Can Kazanoglu, a reporter for a liberal Turkish daily, Cumhuriyet, went further, “Fethullah Gulen and his followers are open to the science of the West, even though they hail from the East.

“Mr. Gulen is conservative politically, but many find him surprisingly open-minded.

“He supports free enterprise, defends secularism as well as pop-music with the attitude of a carefree Islamic mystic.

“He is emotional to be sure, but also a nationalist, a warrior, and a pacifist.”

Graham Fuller, a well-known name in the foreign policy establishment of America, the one-time CIA agent in Turkey, has praised what Mr. Gulen with these words:

“The movement rejects extremism and violence of any kind, stating that they are incompatible with the true message of Islam, and emphasizes the development of tolerance among religious communities.”

Rusen Cakir, a Turkish journalist who has followed Mr. Gulen and his followers for decades, notes:

“The lobbying efforts of Mr. Gulen and his followers are superior to that of the Turkish government.”

Six sitting United States senators—one a candidate for Vice-President on the Democratic ticket—have said:

“We believe [America] should support the movement of reputable Turkish Muslim scholar Fethullah Gulen who stands for interfaith and intercultural dialogue.”

Is he really as good as these public servants and supposedly impartial journalists say he is?

And is it not odd that he is praised as a “warrior” and a “pacifist” in the same sentence?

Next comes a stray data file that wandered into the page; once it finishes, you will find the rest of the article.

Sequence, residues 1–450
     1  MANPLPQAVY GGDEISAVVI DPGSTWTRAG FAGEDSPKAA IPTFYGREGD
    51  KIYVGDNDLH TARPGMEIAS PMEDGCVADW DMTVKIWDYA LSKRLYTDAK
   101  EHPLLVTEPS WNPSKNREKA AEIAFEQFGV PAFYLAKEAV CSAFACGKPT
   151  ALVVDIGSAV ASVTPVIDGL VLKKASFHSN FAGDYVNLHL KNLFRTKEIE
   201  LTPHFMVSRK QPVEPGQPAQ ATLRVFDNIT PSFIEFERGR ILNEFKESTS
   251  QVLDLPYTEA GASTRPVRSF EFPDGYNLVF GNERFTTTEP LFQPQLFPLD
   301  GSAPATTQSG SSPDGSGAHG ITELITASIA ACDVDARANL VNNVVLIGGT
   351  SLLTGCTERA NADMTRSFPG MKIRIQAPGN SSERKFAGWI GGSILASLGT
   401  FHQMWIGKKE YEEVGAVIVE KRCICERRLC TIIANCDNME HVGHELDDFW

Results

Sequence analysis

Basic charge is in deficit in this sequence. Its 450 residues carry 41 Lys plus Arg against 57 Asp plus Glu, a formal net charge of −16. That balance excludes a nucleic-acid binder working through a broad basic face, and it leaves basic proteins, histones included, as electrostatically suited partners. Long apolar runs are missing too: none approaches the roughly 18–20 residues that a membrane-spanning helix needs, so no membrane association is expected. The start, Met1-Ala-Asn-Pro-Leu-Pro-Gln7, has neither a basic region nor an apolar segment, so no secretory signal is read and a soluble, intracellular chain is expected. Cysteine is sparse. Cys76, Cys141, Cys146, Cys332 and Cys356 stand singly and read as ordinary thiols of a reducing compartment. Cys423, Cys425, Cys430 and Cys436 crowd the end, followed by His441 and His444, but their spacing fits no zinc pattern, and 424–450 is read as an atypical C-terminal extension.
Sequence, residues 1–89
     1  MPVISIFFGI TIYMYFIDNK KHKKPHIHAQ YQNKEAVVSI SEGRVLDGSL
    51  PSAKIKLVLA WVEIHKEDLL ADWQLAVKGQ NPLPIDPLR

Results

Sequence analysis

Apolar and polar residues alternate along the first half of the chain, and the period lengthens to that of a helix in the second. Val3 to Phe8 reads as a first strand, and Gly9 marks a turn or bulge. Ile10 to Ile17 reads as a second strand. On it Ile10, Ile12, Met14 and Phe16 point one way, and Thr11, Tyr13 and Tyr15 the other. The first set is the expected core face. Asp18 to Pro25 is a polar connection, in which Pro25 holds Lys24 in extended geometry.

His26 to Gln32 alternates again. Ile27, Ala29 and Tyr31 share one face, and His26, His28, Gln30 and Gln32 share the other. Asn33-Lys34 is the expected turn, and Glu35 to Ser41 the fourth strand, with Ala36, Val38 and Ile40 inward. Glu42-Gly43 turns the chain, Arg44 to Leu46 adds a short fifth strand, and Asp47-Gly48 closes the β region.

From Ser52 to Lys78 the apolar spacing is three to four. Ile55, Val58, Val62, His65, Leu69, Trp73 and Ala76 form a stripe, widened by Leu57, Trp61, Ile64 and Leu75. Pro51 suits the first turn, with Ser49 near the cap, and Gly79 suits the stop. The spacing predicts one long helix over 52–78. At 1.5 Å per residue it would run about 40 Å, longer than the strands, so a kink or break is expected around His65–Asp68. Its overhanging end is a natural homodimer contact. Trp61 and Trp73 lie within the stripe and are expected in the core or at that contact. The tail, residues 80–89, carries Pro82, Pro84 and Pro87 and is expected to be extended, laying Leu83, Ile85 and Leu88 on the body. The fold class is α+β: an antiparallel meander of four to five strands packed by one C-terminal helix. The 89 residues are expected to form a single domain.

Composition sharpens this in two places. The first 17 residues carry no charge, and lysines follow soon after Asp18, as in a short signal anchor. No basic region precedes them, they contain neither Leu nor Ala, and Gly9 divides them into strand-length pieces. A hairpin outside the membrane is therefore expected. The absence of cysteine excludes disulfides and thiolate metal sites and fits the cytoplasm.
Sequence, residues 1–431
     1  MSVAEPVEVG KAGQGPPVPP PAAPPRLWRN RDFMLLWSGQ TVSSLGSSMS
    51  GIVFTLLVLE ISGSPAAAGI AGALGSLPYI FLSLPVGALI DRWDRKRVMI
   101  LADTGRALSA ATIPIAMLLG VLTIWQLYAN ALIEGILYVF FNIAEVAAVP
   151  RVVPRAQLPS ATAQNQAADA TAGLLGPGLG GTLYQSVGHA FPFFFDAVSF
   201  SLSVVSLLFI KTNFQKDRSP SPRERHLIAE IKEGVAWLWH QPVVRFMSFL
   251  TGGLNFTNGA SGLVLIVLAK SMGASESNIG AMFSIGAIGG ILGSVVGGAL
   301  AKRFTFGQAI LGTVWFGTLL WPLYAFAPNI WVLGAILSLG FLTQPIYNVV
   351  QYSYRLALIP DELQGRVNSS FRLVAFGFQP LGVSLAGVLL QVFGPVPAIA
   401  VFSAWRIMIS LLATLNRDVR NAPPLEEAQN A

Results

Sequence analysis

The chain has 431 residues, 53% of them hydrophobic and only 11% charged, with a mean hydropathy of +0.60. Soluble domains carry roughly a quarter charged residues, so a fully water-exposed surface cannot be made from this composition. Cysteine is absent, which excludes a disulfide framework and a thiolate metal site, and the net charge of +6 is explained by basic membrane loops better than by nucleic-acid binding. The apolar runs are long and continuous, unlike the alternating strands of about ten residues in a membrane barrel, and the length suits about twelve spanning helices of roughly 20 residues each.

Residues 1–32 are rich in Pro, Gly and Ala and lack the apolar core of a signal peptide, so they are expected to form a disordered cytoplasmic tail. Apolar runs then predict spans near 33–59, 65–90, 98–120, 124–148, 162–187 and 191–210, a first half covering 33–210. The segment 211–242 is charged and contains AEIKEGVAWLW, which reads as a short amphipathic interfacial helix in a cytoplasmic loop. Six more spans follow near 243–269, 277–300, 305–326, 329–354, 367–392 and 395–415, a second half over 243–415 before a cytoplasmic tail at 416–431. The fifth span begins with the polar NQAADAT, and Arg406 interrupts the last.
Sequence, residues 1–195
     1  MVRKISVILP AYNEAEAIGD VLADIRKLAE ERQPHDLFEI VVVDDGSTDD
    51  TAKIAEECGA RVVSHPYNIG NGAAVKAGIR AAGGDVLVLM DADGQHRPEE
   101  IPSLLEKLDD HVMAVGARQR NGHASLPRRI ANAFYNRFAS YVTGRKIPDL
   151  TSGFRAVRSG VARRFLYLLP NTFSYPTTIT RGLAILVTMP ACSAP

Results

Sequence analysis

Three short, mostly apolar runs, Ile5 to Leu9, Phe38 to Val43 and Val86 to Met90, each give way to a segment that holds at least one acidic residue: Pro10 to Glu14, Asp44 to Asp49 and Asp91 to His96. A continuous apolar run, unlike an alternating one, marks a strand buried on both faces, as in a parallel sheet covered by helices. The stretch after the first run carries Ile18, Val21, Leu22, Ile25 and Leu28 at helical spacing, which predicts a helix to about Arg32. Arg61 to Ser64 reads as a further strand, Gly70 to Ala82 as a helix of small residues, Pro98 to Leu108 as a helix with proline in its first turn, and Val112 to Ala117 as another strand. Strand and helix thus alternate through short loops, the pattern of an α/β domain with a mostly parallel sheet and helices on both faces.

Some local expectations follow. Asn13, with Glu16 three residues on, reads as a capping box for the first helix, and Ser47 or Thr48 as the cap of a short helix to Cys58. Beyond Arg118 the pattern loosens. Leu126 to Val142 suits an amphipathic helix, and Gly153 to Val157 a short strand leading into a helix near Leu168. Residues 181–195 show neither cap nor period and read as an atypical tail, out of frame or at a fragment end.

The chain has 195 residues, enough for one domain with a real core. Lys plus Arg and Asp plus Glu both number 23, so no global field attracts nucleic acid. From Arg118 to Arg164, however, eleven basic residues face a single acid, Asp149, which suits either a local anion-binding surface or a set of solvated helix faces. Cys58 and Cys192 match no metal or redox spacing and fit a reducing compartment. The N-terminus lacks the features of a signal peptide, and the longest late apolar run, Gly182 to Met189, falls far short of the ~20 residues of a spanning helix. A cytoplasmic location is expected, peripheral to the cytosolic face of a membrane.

He does stand for interfaith and intercultural dialogue abroad, but at home, in Turkey, he has proven himself to be its most implacable foe!

Notwithstanding his “love” of small animals, Mr. Gulen has none for larger ones—especially if they are humans and speak a language called Kurdish and occupy a track of land called Kurdistan.

He is on record for saying he does not even want to go to heaven—if that means emancipation of Kurds from the domination of Turks and the liberation of Kurdistan from the oppression of Turkey.

Only four years ago, he had murder in his heart and urged his “buddy” Erdogan to kill up to 50,000 recalcitrant Kurds. Invoking God’s name, he added, “May the almighty rain fire on their homes and destroy them root and branch!”

His stand on the interfaith dialog is worth noting as well.

Of all historical figures, he speaks highly of Sultan Yavuz Selim. Among this Turkish despot’s claims to fame is his slaughter of 40,000 Alevi Turks and Kurds.

Machiavelli, writing in Florence, Italy, praised him for the deed. Recep Tayyip Erdogan likes him as well and just named the biggest highway bridge over the Bosporus Straits after him.

Like an iceberg, there is far more to Mr. Gulen than meets the eye. The unseen parts of one iceberg sank the Titanic. Let’s hope and pray the Gulen iceberg will do less harm.

Writing in the Conversation, a website of academics, a Gulen scholar wondered aloud:

“If Gulen helped orchestrate the coup, tens of thousands of affiliates and sympathizers, as well as those of us who have tried to more objectively study this man and his movement, will need to come to terms with one of the most fantastic frauds in modern history.”

Well, he is a fraud.

Dostoyevsky once noted, “The degree of civilization in a society can be judged by entering its prisons.”

By that, he meant seeing who has been imprisoned.

Turkish prisons are especially telling, where 420 Kurds and Turks were tortured to death or died of hunger strikes between 1980 and 1994.

As best as I can tell, this friend of bees, ants and butterflies hasn’t even uttered a prayer for their souls.

The Islamic world needs a Martin Luther to reform it, but Futhullah Gulen is definitely not that German monk.

The German married a nun; Mr Gulen will not even shake the hand of the kinder sex!

Kani Xulam—on Twitter @AKINinfo